Representation of the appellant-opponent at the oral proceedings
2. The oral proceedings took place in the absence of the appellant-opponent, Insys Therapeutics, Inc. Even though professional representatives attended the oral proceedings for the appellant-opponent, they were not entitled to act on behalf of the appellant-opponent because they had not submitted an authorisation, despite the board's earlier invitation to do so.
2.1 In accordance with Rule 115(1) EPC, the appellant-opponent was duly summoned to the oral proceedings taking place on 14 October 2021. The summons for these oral proceedings were issued on 16 March 2021 and received by the appellant-opponent's representative on 22 March 2021.
2.1.1 In accordance with Rule 130(1) EPC, the summons had been addressed to Mr Goodfellow of Carpmaels & Ransford LLP ("C&R"), being the appellant-opponent's representative at the time the summons was issued.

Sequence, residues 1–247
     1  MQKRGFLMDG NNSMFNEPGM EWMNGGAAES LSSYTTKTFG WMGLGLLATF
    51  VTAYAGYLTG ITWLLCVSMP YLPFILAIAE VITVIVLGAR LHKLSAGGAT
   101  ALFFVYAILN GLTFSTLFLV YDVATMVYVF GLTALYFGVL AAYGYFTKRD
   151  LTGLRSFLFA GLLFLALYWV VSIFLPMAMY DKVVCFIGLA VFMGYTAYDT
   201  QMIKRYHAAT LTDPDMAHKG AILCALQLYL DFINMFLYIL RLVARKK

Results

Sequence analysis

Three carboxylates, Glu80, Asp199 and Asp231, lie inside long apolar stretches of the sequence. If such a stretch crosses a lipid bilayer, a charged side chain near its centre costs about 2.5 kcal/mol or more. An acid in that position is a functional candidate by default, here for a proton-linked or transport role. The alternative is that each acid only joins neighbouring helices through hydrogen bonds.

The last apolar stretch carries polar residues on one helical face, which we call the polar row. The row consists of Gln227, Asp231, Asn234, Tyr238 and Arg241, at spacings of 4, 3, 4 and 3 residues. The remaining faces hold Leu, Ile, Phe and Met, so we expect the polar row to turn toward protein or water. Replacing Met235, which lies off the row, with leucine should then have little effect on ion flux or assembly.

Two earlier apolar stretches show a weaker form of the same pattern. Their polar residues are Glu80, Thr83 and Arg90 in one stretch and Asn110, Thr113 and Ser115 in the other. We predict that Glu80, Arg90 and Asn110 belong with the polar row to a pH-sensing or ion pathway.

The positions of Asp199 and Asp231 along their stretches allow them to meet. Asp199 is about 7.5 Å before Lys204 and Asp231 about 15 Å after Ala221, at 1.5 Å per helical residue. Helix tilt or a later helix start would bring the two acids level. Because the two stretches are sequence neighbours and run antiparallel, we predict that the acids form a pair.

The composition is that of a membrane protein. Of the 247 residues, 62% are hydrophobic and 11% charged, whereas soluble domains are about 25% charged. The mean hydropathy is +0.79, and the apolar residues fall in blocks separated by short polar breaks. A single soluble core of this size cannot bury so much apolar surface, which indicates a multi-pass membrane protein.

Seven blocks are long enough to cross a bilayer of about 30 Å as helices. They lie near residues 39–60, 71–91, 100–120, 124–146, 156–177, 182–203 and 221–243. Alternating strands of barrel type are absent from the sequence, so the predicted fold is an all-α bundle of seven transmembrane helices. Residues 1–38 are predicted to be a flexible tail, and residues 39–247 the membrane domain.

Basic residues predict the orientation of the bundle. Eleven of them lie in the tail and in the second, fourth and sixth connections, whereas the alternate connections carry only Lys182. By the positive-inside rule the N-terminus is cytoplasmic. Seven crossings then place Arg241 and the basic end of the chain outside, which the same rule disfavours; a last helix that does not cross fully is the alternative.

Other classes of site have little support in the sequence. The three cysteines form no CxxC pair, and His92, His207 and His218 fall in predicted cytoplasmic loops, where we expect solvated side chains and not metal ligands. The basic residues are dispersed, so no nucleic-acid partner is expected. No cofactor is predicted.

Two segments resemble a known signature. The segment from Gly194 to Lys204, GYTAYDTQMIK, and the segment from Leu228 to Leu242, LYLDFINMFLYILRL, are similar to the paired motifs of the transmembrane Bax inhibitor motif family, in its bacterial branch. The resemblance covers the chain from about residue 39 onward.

Mr Goodfellow had been identified in the letter from Elkington + Fife LLP ("E+F") dated 27 January 2021 to be the new representative. The association E+F had represented the appellant-opponent in the proceedings until then. While Mr Kingsbury, professional representative of E+F, had been the representative from the filing of the notice of opposition up until after the lodging of the appeal, the EPO was informed by a professional representative at E+F in the appeal proceedings that E+F as an association was the new representative.
In accordance with Rule 152(1) EPC and Article 1(1) of the Decision of the President of the EPO dated 12 July 2007 on the filing of authorisations (OJ EPO 2007, Special edition No. 3, 128, "Decision on the filing of authorisations"), neither the identified individual professional representative working at E+F nor the E+F Association were required to file an authorisation.